The Manitoba government says another 39 tickets for COVID-19 health order violations were handed out last week.
- 31 $1,296 tickets to individuals for various offences;
- six $298 tickets to individuals for failure to wear a mask in indoor public places;
- one $5,000 ticket to a business; and
- one $1,750 ticket to an individual for the Federal Quarantine Act.
Of the 31 individual tickets handed out between Feb. 1 and Feb. 7, 25 were for gatherings held in private residences or outdoors, the province said.
Another 99 warnings were given over the same time period.
“Although the province has made moderate changes to public health orders, they remain in effect and must be followed to reduce the spread of COVID-19,” the province said in a Tuesday press release.
“Manitobans are reminded to stick to the fundamentals of physical distancing, handwashing and wearing a mask.”
Since Manitoba began enforcement efforts in April, 2,857 warnings and 938 tickets have been issued, adding up to more than $1.3 million in fines to businesses and individuals, the province said.
Provincial fines for individuals breaking COVID-19 health orders are set at $1,296, while fines for businesses are $5,000. Those caught not wearing a mask in public indoor spaces can face a $289 fine.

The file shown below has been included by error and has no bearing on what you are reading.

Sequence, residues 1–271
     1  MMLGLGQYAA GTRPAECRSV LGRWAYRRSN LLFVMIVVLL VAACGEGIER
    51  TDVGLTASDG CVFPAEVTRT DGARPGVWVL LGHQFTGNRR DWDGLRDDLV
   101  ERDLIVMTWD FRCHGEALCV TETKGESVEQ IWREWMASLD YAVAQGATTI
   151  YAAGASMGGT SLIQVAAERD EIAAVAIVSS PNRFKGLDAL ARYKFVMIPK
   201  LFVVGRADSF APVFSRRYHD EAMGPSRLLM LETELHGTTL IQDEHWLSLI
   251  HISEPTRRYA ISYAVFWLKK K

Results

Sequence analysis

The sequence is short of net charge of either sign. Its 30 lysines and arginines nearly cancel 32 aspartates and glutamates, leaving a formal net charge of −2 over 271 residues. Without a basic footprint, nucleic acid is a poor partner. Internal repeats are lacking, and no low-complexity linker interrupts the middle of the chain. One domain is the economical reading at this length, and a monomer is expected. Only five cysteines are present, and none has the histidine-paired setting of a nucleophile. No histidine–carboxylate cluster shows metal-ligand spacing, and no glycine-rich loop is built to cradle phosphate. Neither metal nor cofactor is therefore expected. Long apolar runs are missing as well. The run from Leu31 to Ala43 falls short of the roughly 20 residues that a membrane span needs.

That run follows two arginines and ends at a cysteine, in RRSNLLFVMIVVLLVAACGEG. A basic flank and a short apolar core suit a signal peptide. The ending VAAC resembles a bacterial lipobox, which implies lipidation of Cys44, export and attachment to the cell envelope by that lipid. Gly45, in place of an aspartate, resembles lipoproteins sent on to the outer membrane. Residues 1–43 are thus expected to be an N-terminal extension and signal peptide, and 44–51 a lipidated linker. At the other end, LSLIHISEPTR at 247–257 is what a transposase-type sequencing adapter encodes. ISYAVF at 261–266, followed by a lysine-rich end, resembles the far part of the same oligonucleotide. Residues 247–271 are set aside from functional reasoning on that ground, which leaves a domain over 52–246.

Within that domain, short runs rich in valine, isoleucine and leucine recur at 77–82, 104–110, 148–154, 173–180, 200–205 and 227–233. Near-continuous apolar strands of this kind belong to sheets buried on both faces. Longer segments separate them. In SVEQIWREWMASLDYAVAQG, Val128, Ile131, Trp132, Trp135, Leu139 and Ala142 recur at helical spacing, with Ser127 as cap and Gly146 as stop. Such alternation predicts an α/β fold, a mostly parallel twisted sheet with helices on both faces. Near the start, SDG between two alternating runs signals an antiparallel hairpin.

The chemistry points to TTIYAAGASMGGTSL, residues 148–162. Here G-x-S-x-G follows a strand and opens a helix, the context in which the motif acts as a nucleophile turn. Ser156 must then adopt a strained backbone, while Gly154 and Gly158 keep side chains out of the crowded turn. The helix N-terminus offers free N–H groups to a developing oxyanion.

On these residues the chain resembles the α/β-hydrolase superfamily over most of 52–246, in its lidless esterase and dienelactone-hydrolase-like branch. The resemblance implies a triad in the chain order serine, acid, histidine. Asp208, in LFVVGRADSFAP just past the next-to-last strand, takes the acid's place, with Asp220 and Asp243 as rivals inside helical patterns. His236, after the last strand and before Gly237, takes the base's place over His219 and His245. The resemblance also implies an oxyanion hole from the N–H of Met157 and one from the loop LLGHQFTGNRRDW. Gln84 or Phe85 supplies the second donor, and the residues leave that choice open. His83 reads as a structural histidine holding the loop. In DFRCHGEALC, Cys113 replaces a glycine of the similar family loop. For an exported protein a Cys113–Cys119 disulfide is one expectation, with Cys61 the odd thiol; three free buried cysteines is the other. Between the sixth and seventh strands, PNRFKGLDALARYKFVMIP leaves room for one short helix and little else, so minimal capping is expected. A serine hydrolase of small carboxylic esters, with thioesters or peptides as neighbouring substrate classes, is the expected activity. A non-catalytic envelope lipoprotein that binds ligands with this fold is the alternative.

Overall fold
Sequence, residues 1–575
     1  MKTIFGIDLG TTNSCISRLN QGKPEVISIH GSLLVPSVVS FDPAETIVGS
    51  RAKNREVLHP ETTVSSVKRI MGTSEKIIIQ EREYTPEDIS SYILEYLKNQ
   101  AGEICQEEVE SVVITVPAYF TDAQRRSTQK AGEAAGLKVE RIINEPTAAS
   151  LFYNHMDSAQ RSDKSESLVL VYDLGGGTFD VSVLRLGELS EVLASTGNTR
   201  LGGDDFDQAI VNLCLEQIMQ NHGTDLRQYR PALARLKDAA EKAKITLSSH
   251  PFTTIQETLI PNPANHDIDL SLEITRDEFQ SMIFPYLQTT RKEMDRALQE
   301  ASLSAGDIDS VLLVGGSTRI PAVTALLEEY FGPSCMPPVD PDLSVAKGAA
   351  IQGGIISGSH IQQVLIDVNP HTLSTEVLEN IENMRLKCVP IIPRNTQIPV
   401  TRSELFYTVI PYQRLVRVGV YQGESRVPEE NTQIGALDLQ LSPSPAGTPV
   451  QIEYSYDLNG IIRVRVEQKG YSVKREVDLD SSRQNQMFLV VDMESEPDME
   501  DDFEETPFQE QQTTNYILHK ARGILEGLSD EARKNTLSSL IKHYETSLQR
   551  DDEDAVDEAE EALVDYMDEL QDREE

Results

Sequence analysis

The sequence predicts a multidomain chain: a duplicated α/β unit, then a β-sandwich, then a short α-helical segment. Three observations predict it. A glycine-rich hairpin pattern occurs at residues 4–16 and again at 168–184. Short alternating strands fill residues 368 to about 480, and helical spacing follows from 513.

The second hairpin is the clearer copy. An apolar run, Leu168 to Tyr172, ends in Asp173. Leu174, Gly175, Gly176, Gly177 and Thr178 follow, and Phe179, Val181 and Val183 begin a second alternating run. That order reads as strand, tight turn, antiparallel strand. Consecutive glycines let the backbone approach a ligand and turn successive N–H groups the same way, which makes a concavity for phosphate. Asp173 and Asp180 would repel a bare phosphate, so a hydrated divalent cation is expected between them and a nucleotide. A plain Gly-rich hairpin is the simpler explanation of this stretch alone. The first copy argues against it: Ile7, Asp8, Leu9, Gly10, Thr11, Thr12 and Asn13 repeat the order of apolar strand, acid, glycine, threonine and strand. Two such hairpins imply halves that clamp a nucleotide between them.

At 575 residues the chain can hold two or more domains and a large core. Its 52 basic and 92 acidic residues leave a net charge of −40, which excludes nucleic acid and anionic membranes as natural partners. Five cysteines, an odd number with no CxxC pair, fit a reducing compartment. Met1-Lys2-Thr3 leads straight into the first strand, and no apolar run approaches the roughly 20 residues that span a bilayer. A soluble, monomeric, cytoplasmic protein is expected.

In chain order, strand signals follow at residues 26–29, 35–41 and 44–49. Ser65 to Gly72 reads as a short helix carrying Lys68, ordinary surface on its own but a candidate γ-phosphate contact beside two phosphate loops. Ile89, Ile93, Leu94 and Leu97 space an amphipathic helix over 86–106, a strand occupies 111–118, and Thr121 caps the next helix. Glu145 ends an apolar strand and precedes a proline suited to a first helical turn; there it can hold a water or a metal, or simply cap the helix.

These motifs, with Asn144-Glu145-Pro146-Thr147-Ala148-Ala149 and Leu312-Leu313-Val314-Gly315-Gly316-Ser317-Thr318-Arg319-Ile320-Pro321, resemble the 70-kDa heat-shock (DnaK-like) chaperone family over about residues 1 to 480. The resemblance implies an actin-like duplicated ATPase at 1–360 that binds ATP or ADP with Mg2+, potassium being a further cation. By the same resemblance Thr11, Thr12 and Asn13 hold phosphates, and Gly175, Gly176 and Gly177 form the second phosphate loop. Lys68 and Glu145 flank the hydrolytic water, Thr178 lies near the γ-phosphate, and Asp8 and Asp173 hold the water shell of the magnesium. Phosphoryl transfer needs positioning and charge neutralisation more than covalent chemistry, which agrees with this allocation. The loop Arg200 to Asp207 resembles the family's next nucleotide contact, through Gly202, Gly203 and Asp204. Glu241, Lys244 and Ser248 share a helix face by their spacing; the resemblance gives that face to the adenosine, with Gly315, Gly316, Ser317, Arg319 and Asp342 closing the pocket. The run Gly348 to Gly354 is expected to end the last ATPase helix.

The province says nearly 3,300 personnel across various agencies are currently able to enforce public health orders.
Questions about COVID-19? Here are some things you need to know:
Symptoms can include fever, cough and difficulty breathing — very similar to a cold or flu. Some people can develop a more severe illness. People most at risk of this include older adults and people with severe chronic medical conditions like heart, lung or kidney disease. If you develop symptoms, contact public health authorities.
To prevent the virus from spreading, experts recommend frequent handwashing and coughing into your sleeve. They also recommend minimizing contact with others, staying home as much as possible and maintaining a distance of two metres from other people if you go out. In situations where you can’t keep a safe distance from others, public health officials recommend the use of a non-medical face mask or covering to prevent spreading the respiratory droplets that can carry the virus. In some provinces and municipalities across the country, masks or face coverings are now mandatory in indoor public spaces.
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